2. Do this several times to get a feel for the throttle, eventually taking the throttle to nearly the copter's take off point.
    3. Now, advance the throttle just enough to get the copter to barely lift off the ground and immediately shut it down.
    4. Do this several times and see if the copter is trying to move in one direction or the other or is trying to rotate right or left.
    5. If the copter is moving forward or back, the Pitch trim button next to the right stick can be used to compensate.
    6. If the copter is moving to one side or the other the Roll trim button below the right stick can be used to compensate.
    7. If the copter is rotating right or left the Yaw trim button below the left stick can be used to compensate.
    8. Adjust the trims as necessary to achieve a relatively stationary and non-rotating take off and hover with no input but throttle

  5. Now let's attempt to take off and hover about a foot above the ground while keeping the copter over its takeoff spot.
    1. Your job is to use the throttle to hold altitude and very small movements of the right stick to hold position.
    2. You will need to get used to using the right stick subtly to hold horizontal position with small movements.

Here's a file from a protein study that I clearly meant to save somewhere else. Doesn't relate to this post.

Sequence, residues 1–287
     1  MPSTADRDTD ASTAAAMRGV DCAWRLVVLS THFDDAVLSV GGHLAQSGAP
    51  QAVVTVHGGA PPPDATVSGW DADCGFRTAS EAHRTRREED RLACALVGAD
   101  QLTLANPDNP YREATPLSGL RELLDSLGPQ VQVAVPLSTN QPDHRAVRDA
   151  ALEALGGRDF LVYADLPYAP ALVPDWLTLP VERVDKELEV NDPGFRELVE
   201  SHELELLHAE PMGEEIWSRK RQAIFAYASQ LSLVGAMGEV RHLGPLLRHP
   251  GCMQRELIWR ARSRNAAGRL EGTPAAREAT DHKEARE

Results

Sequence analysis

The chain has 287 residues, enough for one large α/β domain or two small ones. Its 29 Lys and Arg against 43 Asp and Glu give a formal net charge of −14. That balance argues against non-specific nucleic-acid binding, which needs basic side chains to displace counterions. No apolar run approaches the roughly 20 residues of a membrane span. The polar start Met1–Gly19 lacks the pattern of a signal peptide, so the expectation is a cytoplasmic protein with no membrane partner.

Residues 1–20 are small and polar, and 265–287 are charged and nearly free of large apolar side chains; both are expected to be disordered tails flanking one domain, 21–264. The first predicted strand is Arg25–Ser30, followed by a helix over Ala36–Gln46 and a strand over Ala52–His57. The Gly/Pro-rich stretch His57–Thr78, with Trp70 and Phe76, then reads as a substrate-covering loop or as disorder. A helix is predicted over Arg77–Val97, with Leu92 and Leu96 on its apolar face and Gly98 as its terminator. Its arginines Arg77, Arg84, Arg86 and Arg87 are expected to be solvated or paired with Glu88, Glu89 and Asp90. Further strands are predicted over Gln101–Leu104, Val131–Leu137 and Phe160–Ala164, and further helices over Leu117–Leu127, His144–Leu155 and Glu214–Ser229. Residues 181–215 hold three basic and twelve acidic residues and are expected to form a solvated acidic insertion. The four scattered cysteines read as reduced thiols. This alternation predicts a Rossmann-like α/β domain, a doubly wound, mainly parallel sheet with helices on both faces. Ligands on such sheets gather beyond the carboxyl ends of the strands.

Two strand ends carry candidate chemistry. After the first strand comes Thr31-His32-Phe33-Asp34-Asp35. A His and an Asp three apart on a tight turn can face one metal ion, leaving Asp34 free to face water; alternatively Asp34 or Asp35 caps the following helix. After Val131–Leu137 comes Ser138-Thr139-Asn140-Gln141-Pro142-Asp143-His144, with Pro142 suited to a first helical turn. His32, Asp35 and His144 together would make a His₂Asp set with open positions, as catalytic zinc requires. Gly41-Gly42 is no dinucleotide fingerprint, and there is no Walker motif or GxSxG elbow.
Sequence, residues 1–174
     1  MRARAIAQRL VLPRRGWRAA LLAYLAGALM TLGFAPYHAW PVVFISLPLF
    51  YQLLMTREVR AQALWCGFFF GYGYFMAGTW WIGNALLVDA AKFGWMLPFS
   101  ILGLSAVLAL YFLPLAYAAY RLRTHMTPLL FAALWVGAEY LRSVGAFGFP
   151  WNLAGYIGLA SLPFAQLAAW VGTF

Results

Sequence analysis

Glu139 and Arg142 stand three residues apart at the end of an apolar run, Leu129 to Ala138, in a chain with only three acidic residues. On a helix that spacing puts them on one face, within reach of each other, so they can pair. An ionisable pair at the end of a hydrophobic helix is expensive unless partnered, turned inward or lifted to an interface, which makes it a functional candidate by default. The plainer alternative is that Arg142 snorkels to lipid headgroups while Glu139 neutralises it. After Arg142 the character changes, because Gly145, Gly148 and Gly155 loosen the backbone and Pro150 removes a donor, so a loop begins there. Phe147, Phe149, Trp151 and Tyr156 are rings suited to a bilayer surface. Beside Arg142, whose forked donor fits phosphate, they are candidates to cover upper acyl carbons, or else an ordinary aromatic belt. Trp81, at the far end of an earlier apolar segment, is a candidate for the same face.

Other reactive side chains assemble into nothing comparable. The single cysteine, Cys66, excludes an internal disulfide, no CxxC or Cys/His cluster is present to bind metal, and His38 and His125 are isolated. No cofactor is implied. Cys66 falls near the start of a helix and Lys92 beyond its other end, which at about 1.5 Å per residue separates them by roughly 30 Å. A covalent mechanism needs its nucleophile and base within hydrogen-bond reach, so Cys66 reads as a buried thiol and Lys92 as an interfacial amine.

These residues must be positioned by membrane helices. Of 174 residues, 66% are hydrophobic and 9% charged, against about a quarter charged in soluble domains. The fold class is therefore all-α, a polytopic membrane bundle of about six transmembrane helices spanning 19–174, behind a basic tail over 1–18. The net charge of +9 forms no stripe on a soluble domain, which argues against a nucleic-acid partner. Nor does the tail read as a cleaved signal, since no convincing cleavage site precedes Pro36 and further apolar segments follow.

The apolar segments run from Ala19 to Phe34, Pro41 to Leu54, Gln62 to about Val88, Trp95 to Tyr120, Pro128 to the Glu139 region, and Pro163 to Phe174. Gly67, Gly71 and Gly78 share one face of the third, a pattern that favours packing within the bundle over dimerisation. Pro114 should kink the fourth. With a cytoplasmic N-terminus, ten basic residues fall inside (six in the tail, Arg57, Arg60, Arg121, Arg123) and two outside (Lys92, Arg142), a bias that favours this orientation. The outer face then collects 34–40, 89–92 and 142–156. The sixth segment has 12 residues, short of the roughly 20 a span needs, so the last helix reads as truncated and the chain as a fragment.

3. You may also need to use the left stick side to side (yaw) to keep the copter from turning.
    4. If the copter is Yawing (turning), Rolling (moving side to side) or Pitching (forwards or backwards) adjust trims so it stays put.
    5. Once you get it trimmed as best you can, work on going into a hover, holding position then landing cleanly.
    6. It is best to move the copter up to about a foot off the ground while hovering to avoid prop wash turbulence.
    7. When descending to land you can chop the throttle fully off while the copter is still an inch or two above the ground.
    8. Practice this exercise to learn the basics and subtlety of stick movement required to control the copter.

  6. Now we will work on moving forward and backward and right and left without rotating (yawing) the copter.